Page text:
The Castle is almost 1800 feet above the Pacific Ocean and the road that gets there follows the original dirt trail the family used to reach their favorite camping spot.  Today, all visitors ascend by bus, but in the day, Mr. Hearst's guests might land on the small airport before being escorted up in his fleet of comfortable cars.  The walk up to the church-like main house entrance gave an introduction to a place both grand and, it seemed, most livable.
The main house, where the Hearsts stayed and where the main indoor activities were arranged, looks like an old European cathedral, in part because it features parts of European churches brought over and installed in exactly the way Mr. Hearst envisioned.  It was fun to imagine him standing on his top-level balcony, welcoming awe-struck guests.
The pool, made famous by any of the thousands of tour pictures and films, is currently undergoing renovation, but it was still fun to imagine spending some time here on a warm summer day with The Chief's Hollywood friends and employees.  A nice perk.
The grounds are filled with flowers, fountains, and sculptures imported from around the world.  Despite the millions of visitors to "La Cuesta Encantada" (The Enchanted Hill), everything seemed as well-maintained as The Chief would have demanded almost 100 years ago.
Three guided tours are offered and we selected the Grand Rooms Tour, starting in the Assembly Room.  It was here where guests would gather for cocktails and conversation before the daily meal.  Reportedly, conviviality was a requirement of Mr. Hearst and "bullies or loudmouths" would be asked to leave, driven down the hill, and put on the next plane back to Los Angeles.
Meals were taken in The Refectory, with Mr. Hearst at the center of the table, and newest visitors nearest him (and his girlfriend).  As one stayed longer, distance to the host increased, perhaps a subtle hint that staying forever was not what The Chief wanted.  The table was always set with rather ordinary china, paper napkins, and condiment jars as they came from the store.  Mr. Hearst said that's what his mother had used here on their camping excursions and if it was good enough for her, it was good enough for his guests, no matter how royal.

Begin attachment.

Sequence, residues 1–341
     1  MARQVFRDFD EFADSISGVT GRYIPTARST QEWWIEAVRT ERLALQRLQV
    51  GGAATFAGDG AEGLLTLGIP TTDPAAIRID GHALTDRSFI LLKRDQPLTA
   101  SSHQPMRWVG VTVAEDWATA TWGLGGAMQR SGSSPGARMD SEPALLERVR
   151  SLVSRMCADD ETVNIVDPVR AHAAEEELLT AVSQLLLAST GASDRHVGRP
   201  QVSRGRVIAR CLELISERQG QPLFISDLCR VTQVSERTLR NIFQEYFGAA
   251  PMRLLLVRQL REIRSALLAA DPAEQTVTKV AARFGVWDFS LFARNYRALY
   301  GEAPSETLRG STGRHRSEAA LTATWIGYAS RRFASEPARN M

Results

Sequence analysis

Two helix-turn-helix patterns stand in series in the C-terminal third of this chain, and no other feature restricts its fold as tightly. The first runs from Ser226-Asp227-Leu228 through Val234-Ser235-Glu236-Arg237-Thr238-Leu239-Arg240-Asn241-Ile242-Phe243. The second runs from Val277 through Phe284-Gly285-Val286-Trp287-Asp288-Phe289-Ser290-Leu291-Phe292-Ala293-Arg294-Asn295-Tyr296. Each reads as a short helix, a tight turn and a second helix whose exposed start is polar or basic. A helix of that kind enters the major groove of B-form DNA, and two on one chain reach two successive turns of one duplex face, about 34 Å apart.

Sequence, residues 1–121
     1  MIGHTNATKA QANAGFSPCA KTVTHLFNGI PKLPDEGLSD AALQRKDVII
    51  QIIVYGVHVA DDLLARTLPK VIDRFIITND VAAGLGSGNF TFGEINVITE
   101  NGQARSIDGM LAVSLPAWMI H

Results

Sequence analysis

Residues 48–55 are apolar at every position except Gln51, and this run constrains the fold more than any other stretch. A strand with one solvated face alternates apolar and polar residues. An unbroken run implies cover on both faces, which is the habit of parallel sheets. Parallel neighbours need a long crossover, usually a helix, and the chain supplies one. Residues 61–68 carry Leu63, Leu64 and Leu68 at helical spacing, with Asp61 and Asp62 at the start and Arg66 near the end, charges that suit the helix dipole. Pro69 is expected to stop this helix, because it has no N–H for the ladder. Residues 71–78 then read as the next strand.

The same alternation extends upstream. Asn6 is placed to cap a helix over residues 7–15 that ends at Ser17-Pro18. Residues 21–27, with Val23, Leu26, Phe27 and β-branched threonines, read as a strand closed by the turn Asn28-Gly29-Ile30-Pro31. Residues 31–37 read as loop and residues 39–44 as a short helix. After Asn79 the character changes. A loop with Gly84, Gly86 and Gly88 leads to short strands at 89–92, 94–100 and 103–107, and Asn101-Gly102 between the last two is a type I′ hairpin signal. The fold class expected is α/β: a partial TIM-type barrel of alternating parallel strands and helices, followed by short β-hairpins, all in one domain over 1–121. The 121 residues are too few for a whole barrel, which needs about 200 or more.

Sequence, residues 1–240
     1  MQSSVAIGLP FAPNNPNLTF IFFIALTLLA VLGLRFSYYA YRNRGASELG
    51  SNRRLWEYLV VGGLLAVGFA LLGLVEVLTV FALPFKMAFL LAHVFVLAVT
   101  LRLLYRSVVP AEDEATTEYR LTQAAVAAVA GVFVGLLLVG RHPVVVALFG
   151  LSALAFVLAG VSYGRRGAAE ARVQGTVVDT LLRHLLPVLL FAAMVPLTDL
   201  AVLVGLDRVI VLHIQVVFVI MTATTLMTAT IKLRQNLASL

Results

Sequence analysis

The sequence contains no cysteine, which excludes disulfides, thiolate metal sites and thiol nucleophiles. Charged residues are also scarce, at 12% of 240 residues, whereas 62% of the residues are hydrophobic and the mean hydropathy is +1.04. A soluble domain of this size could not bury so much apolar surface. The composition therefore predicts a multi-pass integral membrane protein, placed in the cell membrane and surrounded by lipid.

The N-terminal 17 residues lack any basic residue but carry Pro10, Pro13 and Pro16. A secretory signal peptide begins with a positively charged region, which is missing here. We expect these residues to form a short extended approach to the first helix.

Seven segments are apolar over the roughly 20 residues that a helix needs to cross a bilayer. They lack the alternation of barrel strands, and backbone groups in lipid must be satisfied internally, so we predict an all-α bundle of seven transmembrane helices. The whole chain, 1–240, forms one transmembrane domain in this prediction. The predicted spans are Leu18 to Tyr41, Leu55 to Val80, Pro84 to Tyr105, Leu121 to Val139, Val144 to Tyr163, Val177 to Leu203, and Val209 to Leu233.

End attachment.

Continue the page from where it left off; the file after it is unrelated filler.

(In the course of our tour, the guide provided a glimpse into the fabulously wealthy Hearst's very democratic views: no one could be called a "servant", only "employee"; no room service; in political life, Hearst was a crusader for women's right to vote and for their right to get a top-level education.  He was an interesting mix of ruthless businessman and charming reformer, traits he apparently carried on from his father.)
The Billiard Room came next and it was easy to imagine spending a few hours here with Hollywood stars, playing a few games.  This room, like everywhere in the castle, was filled with art work from around the world, in places especially crafted to fit each piece. 
One of our last stops was the house theater where we were shown a short "home movie" showing Mr. Hearst and his guests enjoying their time on the ranch.  These were people who knew a good time!  The last stop before boarding the bus down the hill was the indoor pool.  Fabulous.
So that was our visit to The Enchanted Hill.  We need to return for the two tours we missed (Upstairs Suites and Cottages & Kitchen Tours) and we recommend you do the same.  Pictures and captions just don't do justice to such a grand place

d160316_69_boardwalk.jpgAfter leaving Hearst Castle, we took a leisurely drive south and stopped to watch ocean birds and waves.  The Moonstone Beach boardwalk provided an easy path to see birds and waves.  Both demand more pictures than they deserve, but the process is fun, especially in the warm afternoon winter sun.

Some birds are regal, others goofy.
Waves.  Here are just five of about 40 photos I took, each different but somehow the same.  No need for so many!
From here, it was home for a brief rest and then another nice dinner at the Lodge.

d160317_10_bowl.jpgThursday was unplanned today and that's exactly what we did.  A little gallery viewing, a little shopping, a lunch stop at the French Bakery.  We have been taken by Cambria, mostly for the art and the laid-back atmosphere.  I'm not sure living full-time in such isolation would be my cup of tea, but we definitely need more time here.  (Our souvenir for this visit was a set of four bowls by Michael Miller at Amphora Gallery.  The RIGHT way to serve oatmeal.)